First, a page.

New Managerial Tools and Technology for Nurses
The purpose of this paper is to review some of the managerial tools and technology used my nurse managers to promote managerial control and increase performance of employees. The days of sitting at nurses’ station and hand writing the documentation into the patients’ chart are long gone. While it did take longer to establish computers into the world of patient care, computers have evolved to accommodate the complex needs at hospitals and other medical facilities (Saranto & Leino-Kilpi, 1997). Obviously improvements need to be made; however, I will examine some of the electronic gadgets utilized today.
Security of patient data prevented the use of computers for anything other than ordering supplies and scheduling employees for several years within the medical arena (Sampers, 2013). In the late 1990’s computers began replacing patient charts, paper documentation began to disappear, and nurses entered the electronic age kicking and screaming (Sampers, 2013).
Stationary computers at the nurses station area, initially were slow and only used to order laboratory tests and xrays. Staff would have to wait for his or her turn to use the computer wasting precious time. Today, in an attempt to assist nurses with time management, decrease errors, and allow for more time with patients, as well as allow nurse managers to better control and supervise staff, the stationary computers have evolved (Saranto & Leino-Kilpi, 1997).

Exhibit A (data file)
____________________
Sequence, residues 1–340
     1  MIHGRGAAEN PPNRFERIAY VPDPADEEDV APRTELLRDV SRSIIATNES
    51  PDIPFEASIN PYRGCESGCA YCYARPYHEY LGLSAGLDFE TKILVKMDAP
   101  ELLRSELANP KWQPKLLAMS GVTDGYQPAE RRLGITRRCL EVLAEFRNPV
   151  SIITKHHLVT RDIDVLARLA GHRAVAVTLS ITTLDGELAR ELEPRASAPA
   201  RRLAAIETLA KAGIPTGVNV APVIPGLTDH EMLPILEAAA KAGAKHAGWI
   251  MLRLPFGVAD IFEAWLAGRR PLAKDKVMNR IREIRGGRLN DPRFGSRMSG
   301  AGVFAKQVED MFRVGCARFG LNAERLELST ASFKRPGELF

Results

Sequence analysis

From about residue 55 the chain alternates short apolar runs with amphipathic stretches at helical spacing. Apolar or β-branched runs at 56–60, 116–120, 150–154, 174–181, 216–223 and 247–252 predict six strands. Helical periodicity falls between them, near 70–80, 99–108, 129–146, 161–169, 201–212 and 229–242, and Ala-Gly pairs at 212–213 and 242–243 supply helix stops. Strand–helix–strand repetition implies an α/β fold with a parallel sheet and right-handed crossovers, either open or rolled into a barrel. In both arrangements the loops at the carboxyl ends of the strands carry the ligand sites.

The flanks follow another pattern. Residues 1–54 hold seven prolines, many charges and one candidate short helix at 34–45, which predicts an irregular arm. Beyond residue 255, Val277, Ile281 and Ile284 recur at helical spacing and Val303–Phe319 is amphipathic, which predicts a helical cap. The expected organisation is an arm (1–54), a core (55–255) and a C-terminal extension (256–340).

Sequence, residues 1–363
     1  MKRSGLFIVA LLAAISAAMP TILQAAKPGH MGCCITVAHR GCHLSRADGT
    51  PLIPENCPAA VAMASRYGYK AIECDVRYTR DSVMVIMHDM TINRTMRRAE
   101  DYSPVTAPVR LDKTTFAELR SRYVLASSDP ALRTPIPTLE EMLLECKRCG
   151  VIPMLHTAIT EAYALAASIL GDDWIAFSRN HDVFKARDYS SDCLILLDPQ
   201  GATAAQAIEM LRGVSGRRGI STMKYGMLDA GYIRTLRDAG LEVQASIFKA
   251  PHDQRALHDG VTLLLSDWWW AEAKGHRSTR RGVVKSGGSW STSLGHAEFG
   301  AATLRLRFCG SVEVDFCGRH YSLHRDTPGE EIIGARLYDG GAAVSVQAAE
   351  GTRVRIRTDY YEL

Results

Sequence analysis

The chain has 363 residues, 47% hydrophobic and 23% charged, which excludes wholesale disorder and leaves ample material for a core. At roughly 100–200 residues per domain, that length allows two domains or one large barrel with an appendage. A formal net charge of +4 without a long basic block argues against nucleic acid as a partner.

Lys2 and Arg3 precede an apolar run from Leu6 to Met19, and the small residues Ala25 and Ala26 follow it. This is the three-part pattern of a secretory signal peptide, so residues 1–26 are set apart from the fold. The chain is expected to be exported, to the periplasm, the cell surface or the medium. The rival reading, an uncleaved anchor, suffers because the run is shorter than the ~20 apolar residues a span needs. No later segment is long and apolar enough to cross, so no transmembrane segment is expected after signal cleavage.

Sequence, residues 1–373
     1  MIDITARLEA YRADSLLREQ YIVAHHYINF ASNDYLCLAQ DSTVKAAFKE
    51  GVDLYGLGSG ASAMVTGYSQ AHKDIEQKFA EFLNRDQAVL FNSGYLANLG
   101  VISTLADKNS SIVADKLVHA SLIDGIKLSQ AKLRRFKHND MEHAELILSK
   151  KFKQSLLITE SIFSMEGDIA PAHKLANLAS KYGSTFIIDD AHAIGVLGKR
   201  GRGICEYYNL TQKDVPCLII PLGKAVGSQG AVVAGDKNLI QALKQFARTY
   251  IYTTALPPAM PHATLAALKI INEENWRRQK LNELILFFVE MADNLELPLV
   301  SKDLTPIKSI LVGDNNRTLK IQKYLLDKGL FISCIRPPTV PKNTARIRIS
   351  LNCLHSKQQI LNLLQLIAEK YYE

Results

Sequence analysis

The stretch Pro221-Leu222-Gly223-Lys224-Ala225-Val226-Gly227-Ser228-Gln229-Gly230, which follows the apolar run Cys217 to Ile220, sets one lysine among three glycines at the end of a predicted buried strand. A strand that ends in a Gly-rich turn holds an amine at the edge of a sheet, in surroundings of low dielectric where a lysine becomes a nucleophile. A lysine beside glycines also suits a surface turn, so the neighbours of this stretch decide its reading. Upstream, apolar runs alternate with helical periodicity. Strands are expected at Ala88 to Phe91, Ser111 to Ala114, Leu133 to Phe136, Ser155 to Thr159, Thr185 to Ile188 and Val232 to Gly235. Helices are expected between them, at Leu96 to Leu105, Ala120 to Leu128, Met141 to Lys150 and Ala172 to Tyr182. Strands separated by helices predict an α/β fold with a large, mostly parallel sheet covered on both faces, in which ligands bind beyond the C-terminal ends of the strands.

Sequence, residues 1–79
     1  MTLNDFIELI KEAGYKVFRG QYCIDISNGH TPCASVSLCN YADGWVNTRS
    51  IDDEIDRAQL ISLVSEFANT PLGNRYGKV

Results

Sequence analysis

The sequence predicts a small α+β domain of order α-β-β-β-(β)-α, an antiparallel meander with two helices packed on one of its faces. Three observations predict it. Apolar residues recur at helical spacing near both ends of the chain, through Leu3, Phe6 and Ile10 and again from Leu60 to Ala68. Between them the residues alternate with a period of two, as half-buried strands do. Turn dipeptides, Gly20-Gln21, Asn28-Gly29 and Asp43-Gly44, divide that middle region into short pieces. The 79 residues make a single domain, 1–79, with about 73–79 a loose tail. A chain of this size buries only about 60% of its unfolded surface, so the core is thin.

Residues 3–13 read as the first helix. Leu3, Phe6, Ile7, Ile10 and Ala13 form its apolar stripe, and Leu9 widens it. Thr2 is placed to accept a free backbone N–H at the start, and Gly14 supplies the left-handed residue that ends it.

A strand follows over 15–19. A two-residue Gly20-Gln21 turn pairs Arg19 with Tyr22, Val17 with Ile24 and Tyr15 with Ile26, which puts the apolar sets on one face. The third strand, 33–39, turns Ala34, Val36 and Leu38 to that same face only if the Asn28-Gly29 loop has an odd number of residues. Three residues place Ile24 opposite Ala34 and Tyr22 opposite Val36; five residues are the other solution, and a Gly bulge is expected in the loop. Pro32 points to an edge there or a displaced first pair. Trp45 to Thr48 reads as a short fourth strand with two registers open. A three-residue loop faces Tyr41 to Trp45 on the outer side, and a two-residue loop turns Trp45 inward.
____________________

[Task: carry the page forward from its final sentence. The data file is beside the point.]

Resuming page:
Modern technology in medicine now includes the use of hand held personal digital assistants (PDA), computers, and real-time locating systems including nurse locators. This paper will examine each of these technological advances and how each assists in mangerial control and increases staff production.
Personal Digital Assistant (PDA)
Initially PDA use was reserved for physicians to enable quick reference for diagnosis and medication information; however, today nurses also utilize this tool to do many tasks within the majority of hospitals (Garrett & Klein, 2008). A portable, hand-held device, the PDA enables nurses to record patient vital signs, patient assessments, and completion of physician orders (Garrett & Klein, 2008) . The device once attached to a charging station, then down loads the data into the main computer system for the hospital. Once downloaded, the data is acceccible to all other departments and physicians (Garrett & Klein, 2008). This process allows the nurse to quickly document in real time, without interruption and without stepping away from the patient. PDA use is dependent on software included; however, many facilities include ability to research diagnoses, and medications. Nurses, while at the bedside have the capability to answer patient questions regarding medications and diagnosis (Garrett & Klein, 2008). Previously, a nurse had to walk to nurses station, find the appropriate resource book, look up data, write it down, and take it back to the...